The Volokh Conspiracy

Mostly law professors | Sometimes contrarian | Often libertarian | Always independent

Election 2020

Our Curious Electoral System

Nebraska (!) may well turn out to have provided the critical vote for a Biden victory


As I write this, several news outlets (including Fox News) are calling AZ for Biden, giving him 264 Electoral Votes.  Four states remain outstanding—NV, PA, GA, and NC.  Each has 6 or more EVs, so if he wins any of them, he wins the election. And at the moment, at least, he is the odds-on favorite in three of the four; at, he's listed as a 9 to 5 favorite in GA (i.e. $9 wins you $5) and a 5 to 1 favorite in both NV and PA. Trump needs a four-state parlay to come in to get him to 270, and it doesn't look like he'll make it.

Thank you, Nebraska!!  Nebraska is one of only two states—ME is the other—that does not allocate its EVs on a winner-take-all basis.  [The fact that all other states have—independently, through their own state electoral laws—chosen to use winner-take-all for their EVs is one of the most consequential features of our electoral system, rather remarkable given how little attention it receives; if all of the states used some form of proportional allocation, for instance, we would have, in effect, a national popular vote for president.]

But Nebraska awards two of its EVs to the statewide winner of the popular vote, and one EV each to each of the state's three congressional districts. In 2016, Trump won all five of Nebraska's EVs. This year, however, Biden carried the 2d District—encompassing Omaha and environs.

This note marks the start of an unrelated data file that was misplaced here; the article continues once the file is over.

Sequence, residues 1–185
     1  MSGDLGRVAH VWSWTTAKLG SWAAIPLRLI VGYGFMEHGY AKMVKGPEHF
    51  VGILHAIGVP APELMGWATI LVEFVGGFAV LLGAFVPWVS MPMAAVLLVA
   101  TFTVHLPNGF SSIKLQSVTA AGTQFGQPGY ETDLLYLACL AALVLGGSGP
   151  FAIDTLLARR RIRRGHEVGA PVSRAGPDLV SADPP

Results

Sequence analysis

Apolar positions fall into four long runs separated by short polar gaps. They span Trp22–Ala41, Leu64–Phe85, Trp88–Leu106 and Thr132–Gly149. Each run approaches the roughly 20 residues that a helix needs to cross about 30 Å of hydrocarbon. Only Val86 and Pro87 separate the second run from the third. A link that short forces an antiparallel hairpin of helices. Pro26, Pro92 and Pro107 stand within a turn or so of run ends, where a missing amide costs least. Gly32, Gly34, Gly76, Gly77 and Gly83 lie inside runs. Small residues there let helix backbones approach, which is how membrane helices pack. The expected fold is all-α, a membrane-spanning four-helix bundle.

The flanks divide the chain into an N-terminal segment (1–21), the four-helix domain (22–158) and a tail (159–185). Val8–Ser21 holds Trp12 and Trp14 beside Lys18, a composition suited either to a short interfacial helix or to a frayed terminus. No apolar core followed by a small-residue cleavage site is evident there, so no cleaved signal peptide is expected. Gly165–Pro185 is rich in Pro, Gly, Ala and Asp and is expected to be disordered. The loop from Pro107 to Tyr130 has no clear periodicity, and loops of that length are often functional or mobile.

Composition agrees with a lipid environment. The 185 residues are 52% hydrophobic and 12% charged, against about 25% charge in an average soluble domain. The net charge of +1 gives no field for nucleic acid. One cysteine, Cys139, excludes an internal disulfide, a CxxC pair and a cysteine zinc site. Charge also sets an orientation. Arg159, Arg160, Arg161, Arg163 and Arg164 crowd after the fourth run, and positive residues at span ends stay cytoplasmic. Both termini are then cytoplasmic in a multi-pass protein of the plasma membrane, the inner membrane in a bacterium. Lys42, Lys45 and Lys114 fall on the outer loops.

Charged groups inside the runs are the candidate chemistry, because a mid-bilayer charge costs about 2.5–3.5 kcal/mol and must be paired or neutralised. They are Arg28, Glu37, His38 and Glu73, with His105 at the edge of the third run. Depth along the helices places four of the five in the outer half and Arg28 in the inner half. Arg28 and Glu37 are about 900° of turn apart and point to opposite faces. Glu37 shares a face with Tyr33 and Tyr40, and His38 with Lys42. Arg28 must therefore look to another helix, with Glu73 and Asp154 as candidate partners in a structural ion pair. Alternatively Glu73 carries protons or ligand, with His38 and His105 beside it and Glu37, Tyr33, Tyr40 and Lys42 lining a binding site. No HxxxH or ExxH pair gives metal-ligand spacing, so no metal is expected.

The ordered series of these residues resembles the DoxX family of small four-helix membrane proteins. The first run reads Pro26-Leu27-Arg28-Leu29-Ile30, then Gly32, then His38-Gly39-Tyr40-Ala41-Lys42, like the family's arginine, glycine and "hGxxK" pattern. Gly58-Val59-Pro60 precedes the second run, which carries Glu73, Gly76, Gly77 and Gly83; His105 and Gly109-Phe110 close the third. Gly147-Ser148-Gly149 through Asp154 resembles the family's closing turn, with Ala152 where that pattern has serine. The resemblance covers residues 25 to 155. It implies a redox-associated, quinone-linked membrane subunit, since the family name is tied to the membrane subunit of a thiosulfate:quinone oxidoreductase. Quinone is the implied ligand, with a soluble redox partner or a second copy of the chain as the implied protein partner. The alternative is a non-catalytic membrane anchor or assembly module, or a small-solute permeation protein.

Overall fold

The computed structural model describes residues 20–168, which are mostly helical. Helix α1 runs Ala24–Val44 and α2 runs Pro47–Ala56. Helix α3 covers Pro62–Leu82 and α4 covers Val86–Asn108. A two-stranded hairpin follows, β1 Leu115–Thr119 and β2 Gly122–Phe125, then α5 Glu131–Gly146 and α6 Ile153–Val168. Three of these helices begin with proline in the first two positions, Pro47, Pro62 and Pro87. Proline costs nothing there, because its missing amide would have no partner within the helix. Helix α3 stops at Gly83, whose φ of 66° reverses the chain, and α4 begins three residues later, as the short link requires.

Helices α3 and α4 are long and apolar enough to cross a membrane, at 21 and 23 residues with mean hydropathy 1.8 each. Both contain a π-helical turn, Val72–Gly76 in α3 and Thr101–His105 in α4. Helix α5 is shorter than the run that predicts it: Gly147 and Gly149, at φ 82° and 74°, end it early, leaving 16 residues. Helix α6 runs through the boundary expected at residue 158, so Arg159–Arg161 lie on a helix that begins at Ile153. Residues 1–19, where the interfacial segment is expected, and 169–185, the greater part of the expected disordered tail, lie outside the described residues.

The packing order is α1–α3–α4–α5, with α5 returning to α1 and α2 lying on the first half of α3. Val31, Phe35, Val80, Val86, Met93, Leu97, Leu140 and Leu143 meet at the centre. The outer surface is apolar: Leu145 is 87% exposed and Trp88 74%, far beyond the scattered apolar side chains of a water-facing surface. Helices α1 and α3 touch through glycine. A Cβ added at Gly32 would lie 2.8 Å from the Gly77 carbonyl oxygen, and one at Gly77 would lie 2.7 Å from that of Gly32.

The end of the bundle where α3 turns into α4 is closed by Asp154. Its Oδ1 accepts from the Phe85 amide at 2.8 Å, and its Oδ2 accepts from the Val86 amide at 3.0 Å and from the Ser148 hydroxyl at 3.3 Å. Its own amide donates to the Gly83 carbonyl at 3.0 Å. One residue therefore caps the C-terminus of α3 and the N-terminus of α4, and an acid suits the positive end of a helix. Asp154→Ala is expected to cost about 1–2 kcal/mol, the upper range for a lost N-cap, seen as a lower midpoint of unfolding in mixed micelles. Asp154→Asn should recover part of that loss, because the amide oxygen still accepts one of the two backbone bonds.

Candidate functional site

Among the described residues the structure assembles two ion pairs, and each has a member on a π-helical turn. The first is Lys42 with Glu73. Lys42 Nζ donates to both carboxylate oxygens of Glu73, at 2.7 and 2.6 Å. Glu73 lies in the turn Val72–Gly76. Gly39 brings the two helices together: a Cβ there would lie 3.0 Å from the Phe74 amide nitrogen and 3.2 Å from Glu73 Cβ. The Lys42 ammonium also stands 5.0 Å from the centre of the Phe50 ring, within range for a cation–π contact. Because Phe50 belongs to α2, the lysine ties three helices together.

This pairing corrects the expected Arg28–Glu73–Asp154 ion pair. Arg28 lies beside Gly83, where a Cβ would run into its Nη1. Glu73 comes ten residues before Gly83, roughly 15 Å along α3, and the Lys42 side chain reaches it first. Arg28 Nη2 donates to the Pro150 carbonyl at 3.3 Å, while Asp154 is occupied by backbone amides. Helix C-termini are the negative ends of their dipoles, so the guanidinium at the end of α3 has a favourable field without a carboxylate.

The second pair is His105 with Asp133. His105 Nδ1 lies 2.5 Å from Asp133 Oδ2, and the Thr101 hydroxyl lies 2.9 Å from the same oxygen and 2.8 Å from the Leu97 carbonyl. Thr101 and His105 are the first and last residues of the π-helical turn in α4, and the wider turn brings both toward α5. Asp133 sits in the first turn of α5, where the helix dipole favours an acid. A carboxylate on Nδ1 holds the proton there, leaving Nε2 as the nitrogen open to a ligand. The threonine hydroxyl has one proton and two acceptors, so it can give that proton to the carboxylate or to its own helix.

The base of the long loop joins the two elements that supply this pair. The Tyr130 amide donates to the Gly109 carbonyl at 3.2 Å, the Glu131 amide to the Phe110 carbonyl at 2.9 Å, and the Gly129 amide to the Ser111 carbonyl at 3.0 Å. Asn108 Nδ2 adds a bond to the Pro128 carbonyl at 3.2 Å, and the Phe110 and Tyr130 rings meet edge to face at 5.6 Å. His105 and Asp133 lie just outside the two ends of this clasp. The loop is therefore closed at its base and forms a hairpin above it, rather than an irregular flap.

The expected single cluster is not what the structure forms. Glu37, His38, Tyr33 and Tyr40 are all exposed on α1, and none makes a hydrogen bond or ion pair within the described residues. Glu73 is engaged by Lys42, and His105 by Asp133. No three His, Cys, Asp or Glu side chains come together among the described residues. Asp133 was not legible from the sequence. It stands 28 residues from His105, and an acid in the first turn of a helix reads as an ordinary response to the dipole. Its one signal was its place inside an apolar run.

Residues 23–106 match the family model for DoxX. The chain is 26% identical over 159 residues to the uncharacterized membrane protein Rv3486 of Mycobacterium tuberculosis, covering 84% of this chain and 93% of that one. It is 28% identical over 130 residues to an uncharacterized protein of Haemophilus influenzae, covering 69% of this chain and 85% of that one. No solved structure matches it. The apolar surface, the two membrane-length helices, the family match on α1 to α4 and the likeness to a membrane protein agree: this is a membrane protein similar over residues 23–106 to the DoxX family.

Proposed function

If Biden ends up carrying only NV of the four remaining states, he'll win, but only by the slimmest of possible margins: 270-268.  Without the vote from the 2d District, it's a tie, 269-269, at which point the election would go to the House. And in the House—which, under Article II of the Constitution, votes on a state-by-state basis—Trump would almost certainly win.

Because of the voters in the 2d District, things look a LOT less uncertain at this moment than they otherwise would have.  And while I am pretty confident that Biden will win PA or GA to make this discussion moot, it is somehow invigorating to consider the irony that voters in the reddest of red states may well end up having awarded the presidency to Joe Biden.

[h/t to Prof. Abner Greene, who first brought the possibility that the 2d District would prove decisive to my attention several weeks ago.]